When your plant becomes a seedling, you’ll notice it developing more of the traditional cannabis leaves. As a sprout, the seed will initially produce leaves with only one ridged blade. Once new growth develops, the leaves will develop more blades (1, 3, 5, 7, etc.). A mature cannabis plant will have between 5-7 blades per leaf, but some plants may have more.

Cannabis plants are considered seedlings until they begin to develop leaves with the full number of blades on new fan leaves. A healthy seedling should be a vibrant green color. Be very careful to not overwater the plant in its seedling stage—its roots are so small, it doesn’t need much water to thrive.

At this stage, the plant is vulnerable to disease and mold. Keep its environment clean and monitor excess moisture.

Vegetative stage (3-16 weeks)

Light cycle: 18 hours of light

The vegetative stage of cannabis is where the plant’s growth truly takes off. At this point, you’ve transplanted your plant into a larger pot, and the roots and foliage are developing rapidly. This is also the time to begin topping or training your plants.

Spacing between the nodes should represent the type of cannabis you are growing. Indica plants tend to be short and dense, while sativas grow lanky and more open in foliage.

Be mindful to increase your watering as the plant develops. When it’s young, your plant will need water close to the stalk, but as it grows the roots will also grow outward, so start watering further away from the stalk so the roots can stretch out and absorb water more efficiently.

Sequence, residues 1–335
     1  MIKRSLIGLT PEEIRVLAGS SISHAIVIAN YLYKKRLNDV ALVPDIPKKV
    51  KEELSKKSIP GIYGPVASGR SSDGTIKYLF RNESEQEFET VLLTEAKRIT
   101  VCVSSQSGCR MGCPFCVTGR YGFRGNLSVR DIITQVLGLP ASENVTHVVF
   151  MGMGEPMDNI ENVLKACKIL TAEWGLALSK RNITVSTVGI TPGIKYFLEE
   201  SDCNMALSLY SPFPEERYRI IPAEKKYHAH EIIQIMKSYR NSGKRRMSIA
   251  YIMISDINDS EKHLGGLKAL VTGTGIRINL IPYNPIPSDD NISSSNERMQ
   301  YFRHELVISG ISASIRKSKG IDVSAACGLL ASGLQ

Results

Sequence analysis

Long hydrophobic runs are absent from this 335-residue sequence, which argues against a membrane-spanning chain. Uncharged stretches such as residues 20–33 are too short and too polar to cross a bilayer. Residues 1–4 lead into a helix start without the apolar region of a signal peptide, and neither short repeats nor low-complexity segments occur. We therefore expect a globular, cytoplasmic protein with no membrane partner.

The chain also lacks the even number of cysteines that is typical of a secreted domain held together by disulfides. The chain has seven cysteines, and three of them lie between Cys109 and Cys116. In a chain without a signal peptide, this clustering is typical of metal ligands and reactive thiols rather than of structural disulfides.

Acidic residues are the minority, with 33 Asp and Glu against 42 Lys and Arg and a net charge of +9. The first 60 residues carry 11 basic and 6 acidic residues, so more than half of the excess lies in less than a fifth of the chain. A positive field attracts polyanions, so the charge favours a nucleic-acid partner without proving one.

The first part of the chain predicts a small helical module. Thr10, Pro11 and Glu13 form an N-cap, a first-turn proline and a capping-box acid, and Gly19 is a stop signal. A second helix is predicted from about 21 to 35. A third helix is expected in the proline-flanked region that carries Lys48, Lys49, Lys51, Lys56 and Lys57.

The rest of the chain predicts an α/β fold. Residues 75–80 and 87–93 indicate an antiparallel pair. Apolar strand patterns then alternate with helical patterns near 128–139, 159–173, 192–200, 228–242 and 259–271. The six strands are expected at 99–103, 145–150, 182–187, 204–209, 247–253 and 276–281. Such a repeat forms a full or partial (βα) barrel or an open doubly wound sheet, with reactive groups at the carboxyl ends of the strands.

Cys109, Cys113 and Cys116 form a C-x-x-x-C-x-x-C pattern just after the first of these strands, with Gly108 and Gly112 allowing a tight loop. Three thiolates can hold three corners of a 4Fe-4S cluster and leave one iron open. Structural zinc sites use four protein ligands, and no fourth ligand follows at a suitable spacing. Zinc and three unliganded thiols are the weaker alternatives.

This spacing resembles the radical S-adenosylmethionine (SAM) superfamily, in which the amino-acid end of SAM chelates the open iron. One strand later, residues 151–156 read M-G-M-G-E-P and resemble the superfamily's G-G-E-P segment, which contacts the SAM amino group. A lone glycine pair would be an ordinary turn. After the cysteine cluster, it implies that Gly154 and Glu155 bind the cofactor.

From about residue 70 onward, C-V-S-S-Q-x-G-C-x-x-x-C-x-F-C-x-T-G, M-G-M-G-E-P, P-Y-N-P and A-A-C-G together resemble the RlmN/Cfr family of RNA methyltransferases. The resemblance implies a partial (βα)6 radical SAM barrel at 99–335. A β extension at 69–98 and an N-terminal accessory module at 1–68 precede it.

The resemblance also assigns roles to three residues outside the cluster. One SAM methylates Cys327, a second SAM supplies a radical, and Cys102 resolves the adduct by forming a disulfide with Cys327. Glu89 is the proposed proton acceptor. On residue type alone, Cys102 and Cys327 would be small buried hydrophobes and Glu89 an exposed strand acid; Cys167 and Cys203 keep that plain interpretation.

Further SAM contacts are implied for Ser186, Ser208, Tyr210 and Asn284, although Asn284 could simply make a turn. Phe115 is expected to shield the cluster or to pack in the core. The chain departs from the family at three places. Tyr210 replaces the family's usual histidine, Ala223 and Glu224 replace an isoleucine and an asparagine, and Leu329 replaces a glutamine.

Vegetative plants appreciate healthy soil with nutrients. Feed them with a higher level of nitrogen at this stage.

Flowering stage (8-11 weeks)

Light cycle: 12 hours of light

The flowering stage is the final stage of growth for a cannabis plant. Flowering occurs naturally when the plant receives less than 12 hours of light a day as the summer days shorten, or as the indoor light cycle is shortened. It is in this stage that resinous buds develop and your hard work will be realized.

If you need to determine the sex of your plants (to discard the males), they will start showing their sex organs a couple weeks into the flowering stage. It’s imperative to separate the males so they don’t pollenate the flowering females.

There are a number of changes to consider once your plant goes from its vegetative stage to flowering:

  • Your plants shouldn’t be pruned after three weeks into the flowering stage, as it can upset the hormones of the plant.
  • Plants should be trellised so that buds will be supported as they develop.